KellyOCG: Business safety programs ignoring issues such as mental health

Employees reluctant to recognize risk factors in their own behavior and lifestyles

Too many organizations are still focusing safety measures around operational and front-line environments, avoiding some of the biggest threats for workplace safety.

Anthony Raja Devadoss, Vice President with the Outsourcing & Consulting Group of Kelly Services in Asia-Pacific says businesses in the region can learn from the mistakes of others.

"I encourage businesses to think broadly about emerging safety issues-it's not just about preventing accidents, it's about creating a culture of wellbeing and high performance across your organization," says Mr Devadoss.

"When things go wrong on production lines, in mines or oil rigs, the whole world finds out, yet there are a number of other issues that have the potential to undermine employee safety and productivity on a large scale," he says.

Issues such as psychological wellbeing and stress, the ageing population, as well as lifestyle and disease factors in the local community are often seen as being outside the remit of safety programs. Yet, these factors can, and do, have a significant bearing on individual and organizational performance.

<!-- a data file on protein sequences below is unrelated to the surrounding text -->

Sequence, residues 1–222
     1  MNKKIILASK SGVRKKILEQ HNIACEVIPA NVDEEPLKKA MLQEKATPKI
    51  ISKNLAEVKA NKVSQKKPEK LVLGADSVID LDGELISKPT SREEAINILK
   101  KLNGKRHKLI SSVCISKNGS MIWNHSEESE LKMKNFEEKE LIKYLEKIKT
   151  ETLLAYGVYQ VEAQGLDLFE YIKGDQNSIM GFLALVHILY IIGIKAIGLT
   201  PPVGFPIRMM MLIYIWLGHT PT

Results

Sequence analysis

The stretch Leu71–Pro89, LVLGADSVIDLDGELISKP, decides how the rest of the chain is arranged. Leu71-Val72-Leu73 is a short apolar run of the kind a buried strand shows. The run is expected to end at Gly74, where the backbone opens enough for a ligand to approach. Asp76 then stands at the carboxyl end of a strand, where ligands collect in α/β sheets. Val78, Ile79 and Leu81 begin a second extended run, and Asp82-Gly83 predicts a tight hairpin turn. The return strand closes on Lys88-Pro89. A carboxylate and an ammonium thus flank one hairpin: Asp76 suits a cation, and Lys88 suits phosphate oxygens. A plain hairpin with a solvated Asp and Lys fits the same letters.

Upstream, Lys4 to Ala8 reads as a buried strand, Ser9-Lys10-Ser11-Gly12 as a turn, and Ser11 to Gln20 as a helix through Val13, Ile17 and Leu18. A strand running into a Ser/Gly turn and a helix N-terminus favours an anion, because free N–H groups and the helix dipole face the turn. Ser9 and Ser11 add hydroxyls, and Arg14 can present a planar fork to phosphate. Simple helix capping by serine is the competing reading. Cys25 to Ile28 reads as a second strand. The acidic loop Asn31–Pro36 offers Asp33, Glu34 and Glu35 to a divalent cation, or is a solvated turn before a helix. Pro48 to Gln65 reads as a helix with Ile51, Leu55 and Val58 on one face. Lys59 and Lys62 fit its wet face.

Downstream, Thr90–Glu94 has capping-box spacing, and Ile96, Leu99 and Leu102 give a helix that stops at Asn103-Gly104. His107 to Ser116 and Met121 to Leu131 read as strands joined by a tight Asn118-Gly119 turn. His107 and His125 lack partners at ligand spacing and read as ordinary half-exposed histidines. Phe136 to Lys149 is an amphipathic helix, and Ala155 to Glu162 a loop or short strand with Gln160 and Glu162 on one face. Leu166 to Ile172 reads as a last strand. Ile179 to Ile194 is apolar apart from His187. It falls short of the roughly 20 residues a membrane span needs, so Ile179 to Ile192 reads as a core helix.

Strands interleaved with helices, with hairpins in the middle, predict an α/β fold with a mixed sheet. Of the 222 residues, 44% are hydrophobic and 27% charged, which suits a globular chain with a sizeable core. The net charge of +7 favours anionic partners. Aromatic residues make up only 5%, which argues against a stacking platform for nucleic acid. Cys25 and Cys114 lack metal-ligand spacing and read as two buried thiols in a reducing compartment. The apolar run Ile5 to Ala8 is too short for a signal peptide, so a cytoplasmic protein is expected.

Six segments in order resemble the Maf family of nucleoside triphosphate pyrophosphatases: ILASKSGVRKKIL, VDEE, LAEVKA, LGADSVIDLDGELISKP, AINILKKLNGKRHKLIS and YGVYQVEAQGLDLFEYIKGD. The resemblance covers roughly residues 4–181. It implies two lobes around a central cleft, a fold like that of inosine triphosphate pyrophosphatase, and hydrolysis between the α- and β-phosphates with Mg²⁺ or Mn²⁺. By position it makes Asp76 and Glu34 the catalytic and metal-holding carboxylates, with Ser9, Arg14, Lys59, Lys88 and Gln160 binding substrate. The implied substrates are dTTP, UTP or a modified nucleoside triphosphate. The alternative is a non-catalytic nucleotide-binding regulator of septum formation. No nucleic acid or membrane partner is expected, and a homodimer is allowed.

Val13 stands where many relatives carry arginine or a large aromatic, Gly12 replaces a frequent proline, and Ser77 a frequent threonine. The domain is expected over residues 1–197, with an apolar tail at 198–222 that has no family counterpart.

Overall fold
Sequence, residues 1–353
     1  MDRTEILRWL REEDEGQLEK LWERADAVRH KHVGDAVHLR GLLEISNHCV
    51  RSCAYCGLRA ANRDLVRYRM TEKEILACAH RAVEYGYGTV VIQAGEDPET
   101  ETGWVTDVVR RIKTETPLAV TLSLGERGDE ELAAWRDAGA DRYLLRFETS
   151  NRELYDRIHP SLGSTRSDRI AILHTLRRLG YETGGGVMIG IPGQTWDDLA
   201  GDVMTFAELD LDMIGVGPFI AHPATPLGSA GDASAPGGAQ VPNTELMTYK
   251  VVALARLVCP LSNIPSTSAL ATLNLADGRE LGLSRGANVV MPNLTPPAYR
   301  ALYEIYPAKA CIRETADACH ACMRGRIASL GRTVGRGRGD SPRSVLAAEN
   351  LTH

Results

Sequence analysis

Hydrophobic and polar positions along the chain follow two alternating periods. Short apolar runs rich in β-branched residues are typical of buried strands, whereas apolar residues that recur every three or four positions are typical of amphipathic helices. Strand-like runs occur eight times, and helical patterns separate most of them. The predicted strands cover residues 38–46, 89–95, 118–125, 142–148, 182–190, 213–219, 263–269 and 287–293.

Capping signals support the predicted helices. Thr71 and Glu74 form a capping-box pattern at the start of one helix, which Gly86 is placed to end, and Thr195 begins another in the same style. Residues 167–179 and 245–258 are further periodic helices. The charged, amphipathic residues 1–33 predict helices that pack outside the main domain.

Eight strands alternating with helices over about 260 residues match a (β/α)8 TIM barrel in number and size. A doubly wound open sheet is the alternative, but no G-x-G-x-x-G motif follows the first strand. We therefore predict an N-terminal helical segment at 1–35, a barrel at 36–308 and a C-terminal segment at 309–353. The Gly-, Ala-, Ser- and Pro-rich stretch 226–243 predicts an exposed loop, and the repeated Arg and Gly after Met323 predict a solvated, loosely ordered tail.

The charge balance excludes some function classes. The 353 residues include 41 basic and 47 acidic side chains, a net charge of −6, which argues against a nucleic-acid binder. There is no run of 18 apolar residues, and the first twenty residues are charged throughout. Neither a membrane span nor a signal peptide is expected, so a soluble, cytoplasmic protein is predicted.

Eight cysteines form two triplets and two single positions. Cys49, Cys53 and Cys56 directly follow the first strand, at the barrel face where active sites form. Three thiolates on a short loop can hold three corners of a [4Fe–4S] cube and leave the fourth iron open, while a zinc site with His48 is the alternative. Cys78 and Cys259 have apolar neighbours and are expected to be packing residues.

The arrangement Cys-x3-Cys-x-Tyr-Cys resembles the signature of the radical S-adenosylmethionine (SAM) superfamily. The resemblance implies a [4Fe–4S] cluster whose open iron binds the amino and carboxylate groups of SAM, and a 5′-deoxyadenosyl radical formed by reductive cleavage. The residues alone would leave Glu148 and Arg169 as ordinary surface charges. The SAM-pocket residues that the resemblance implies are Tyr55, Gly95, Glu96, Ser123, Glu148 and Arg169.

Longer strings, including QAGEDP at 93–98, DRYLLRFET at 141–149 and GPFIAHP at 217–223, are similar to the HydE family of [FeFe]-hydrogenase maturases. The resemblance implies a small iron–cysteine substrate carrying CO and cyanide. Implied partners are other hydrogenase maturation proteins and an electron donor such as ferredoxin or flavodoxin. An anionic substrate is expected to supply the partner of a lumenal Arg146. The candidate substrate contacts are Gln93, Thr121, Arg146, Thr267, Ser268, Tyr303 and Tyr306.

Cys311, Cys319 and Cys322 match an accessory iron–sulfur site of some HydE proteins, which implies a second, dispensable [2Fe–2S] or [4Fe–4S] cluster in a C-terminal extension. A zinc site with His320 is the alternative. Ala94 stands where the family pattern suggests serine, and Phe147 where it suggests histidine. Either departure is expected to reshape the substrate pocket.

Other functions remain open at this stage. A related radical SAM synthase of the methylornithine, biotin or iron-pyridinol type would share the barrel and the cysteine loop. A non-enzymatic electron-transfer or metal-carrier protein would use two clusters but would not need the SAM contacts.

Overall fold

"In improving safety measures at work it can also be helpful to look at the cultural and organizational norms that dictate certain ways of doing things," says Mr Devadoss.

"Sometimes, we can develop practices that become `acceptable' even though they're `risky', and these are often the hidden safety issues in businesses," says Mr Devadoss.

Understanding how behaviors may differ across certain roles, markets and levels of an organization can ensure safety measures meet the needs of all employees. Occupational Health and Safety measures that focus too heavily on production or front-line environments often fail to address important safety issues facing office workers.